Coca Cola is misleading the public over single-use plastic bottles, says environmental campaigners in ASA complaint

Coca Cola is attempting to mislead the public about the environmental impact of its plastic bottles by suggesting they are not ‘single-use’ say plastic campaigning organisation, City to Sea in a complaint submitted this week to the Advertising Standards Agency ASA.

The company’s recent advertising campaign claims “single-use plastic bottles are only single-use if they are thrown away”, with ads appearing in newspapers and tube stations.

City to Sea have as a result, submitted a formal complaint to the (ASA) arguing that Coca-Cola misrepresents a commonly held definition of the word ‘single-use,’ which was the Collins Dictionary word of the year in 2018. This confusion has the potential to increase the volume of plastic bottles ending up in our environment, making worse the environmental damage that plastic pollution causes.

Rebecca Burgess, City to Sea’s CEO added,

“The holidays are coming, along with the iconic Coca-Cola truck. But this year, Coca-Cola have taken a new tack when it comes to their marketing – tapping into public concern on single-use plastic by redefining the word to sell their products; misleading customers and setting a dangerous precedent in the industry.

Whilst we welcome the news that their bottles can now be recycled, we know that in reality, many are not. Plastic bottles are consistently the most polluting items on our beaches and rivers and Coca-Cola is the worst offender[3]. We had no choice but to report these misleading claims to the ASA and we are encouraging others to do the same.”  

City to Sea’s Campaigns Manager, Steve Hynd added,

“We need green action, not greenwash to tackle plastic pollution. The way Coca-Cola are using the phrase ‘single-use’ is not how most people understand it, and it is not how legal entities define it. Just because a product can be recycled, it doesn’t mean that it’s no longer single-use. If Coca Cola want to ensure their bottles are not single-use, we would love for them to introduce a comprehensive refill system, where the same item is cleaned and re-used multiple times.”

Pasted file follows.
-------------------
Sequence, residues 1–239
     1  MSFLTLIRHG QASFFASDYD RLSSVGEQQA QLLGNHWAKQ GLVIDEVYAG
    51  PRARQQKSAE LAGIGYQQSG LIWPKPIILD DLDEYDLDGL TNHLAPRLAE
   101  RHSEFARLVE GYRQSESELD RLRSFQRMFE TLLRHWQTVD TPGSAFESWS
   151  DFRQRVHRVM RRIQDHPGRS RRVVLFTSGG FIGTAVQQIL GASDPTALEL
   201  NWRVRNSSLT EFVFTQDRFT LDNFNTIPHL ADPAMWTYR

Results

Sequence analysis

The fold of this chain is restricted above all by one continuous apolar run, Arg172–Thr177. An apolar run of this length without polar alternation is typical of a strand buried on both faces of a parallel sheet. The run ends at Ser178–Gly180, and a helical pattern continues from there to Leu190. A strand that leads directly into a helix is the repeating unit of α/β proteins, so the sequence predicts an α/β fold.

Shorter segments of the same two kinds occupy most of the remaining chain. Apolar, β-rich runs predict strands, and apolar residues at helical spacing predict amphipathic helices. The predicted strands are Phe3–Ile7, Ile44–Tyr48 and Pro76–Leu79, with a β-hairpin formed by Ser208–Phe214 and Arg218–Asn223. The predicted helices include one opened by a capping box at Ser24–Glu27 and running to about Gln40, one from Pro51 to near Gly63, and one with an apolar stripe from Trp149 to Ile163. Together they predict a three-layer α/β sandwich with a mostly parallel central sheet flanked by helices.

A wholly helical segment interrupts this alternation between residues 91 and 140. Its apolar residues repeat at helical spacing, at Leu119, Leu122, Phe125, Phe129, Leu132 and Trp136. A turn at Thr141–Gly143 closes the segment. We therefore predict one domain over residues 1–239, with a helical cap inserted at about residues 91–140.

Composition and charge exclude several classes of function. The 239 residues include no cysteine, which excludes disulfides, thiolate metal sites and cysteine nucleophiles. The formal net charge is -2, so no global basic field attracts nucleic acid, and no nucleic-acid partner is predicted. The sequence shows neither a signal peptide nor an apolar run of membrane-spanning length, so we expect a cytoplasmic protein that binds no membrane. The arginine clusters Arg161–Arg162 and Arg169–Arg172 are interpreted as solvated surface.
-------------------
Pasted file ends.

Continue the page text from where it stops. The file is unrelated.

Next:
He continued, “Although plastic bottle recycling is widespread, bottles are still a significant source of plastic pollution. There are now more than 150 plastic bottles for every mile of beach in the UK and a government report revealed that an estimated 700,000 plastic bottles are littered every single day in the UK [4]  To deal with the plastics crisis we must reduce and re-use items, rather than rely on recycling”.

City to Sea are calling for:

  • Coca Cola to withdraw its ads, including on online platforms, and stop trying to mislead the public about single-use plastic bottles;
  • Coca Cola to tackle the use of single-use plastic bottles by shift towards a comprehensive refill scheme 
  • The government to introduce a deposit scheme to ensure far more bottles are refilled – or failing that, recycled.
  • The new government to introduce legislation to phase-out the use of all but the most essential single-use plastics

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